Part of what intrigues me with Black and White long exposure photography is the ability to really work with tones to create different moods. I shot this image underexposed to present a deep calm mood. In post-processing a dodged the sky slightly around the center sea stack and burned the corners of the frame slightly.
When an unique opportunity presents itself to me, I try to drop whatever I am focused on and create an image from that special gift. This evening, I was practicing Black and White, long exposure photography. I was struggling with the waning light. As the sun dropped below the horizon, this wonderful gift appeared before my eyes. I immediately pulled off my 15-stop neutral density filter, refocused, reset my exposure and was able to capture and create this special moment. This wonderful light lasted for just a few seconds.
Lesson Learned: Always be ready to immediately step back and take advantage of the wonderful gifts that are presented to me
On one of our workshop days we went down to Bandon beach early in the morning. The fog covered many of the sea stacks. Gradually the fog lifted and I was able to get this exposure. My intent was to create a mood of a misty morning filled with gentle soft light, an awakening of the Indian maiden in the sea.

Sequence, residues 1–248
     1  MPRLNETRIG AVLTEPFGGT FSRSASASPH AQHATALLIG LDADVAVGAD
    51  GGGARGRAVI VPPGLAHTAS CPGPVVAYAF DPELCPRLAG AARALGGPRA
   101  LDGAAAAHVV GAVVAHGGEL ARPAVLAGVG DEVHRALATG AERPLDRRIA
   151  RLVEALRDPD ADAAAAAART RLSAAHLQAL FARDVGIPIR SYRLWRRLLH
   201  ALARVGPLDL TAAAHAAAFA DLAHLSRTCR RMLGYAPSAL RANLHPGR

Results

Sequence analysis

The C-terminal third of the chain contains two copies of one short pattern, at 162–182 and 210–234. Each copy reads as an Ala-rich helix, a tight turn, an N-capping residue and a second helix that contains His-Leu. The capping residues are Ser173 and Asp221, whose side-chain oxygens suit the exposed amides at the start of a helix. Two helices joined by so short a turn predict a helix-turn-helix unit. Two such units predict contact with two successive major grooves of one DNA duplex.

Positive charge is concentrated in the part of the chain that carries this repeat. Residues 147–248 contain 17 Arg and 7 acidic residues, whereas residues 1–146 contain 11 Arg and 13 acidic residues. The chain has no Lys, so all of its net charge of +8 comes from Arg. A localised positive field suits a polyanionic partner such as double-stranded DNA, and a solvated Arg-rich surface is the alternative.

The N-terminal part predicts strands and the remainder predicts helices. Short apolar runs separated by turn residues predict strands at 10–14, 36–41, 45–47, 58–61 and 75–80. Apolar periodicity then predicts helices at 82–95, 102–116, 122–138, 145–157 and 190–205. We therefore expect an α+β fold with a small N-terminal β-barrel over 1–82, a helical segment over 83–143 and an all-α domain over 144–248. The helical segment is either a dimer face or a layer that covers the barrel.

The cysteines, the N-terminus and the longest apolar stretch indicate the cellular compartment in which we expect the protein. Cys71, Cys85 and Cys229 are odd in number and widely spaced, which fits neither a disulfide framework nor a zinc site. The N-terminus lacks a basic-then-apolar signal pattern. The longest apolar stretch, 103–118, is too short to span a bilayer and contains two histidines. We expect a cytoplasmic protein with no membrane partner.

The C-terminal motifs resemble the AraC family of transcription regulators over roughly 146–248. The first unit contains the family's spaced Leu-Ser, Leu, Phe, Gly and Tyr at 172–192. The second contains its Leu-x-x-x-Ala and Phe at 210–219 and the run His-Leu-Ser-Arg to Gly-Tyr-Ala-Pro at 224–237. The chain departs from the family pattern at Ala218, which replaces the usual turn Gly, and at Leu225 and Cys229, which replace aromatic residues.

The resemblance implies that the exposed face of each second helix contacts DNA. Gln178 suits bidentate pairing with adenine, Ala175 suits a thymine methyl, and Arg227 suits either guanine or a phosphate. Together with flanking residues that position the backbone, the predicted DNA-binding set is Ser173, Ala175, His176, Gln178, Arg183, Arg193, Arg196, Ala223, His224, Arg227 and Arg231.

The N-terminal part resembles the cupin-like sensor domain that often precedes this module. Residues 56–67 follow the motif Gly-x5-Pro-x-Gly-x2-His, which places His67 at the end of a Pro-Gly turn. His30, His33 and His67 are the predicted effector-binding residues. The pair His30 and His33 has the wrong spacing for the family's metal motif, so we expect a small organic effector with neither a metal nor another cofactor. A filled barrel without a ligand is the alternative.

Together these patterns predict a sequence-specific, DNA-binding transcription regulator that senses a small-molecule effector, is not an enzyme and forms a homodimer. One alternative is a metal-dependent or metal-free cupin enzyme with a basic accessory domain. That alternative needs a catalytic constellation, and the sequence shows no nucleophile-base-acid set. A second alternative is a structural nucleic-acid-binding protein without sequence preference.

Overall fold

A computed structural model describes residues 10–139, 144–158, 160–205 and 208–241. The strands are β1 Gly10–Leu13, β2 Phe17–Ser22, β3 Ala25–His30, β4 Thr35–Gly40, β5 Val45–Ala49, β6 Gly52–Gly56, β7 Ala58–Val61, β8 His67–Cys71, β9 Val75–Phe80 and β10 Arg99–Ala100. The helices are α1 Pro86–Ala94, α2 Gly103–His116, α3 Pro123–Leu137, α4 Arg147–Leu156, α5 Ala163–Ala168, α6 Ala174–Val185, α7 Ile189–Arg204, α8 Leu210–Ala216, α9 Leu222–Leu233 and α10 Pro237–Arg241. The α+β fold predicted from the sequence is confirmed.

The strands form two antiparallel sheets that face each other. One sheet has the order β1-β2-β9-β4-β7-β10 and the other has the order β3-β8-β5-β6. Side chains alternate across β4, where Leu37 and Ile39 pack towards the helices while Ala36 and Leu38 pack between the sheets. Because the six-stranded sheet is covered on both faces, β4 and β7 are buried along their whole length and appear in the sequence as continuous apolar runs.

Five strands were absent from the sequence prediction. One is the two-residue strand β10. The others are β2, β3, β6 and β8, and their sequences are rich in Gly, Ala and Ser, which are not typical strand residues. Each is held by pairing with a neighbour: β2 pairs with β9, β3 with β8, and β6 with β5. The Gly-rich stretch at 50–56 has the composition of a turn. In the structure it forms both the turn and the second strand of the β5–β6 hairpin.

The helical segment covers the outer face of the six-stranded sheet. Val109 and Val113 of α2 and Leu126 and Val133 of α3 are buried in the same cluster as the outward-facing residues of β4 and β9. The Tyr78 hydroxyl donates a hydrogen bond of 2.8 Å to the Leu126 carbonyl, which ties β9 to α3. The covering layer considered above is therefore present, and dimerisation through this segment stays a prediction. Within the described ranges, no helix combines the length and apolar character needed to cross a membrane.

I looked and looked and looked. I could not see the face that this rock was named after. It was a dark, cloudy morning. The sun broke through for a moment and lit up the side of the rock. There was the face.
Can you see it. Hint, it is looking up at the right corner of the image.
I just got a new B&W conversion SW plug-in (Macphun Tonality). I picked out some photos of the beach near Bandon, Oregon to work on. I played around to explore some of the secondary features. After converting to B&W I added a “misty/dreamy” look. I then added a paper texture and a vignette. Sometimes I just need to play to get my creative juices flowing.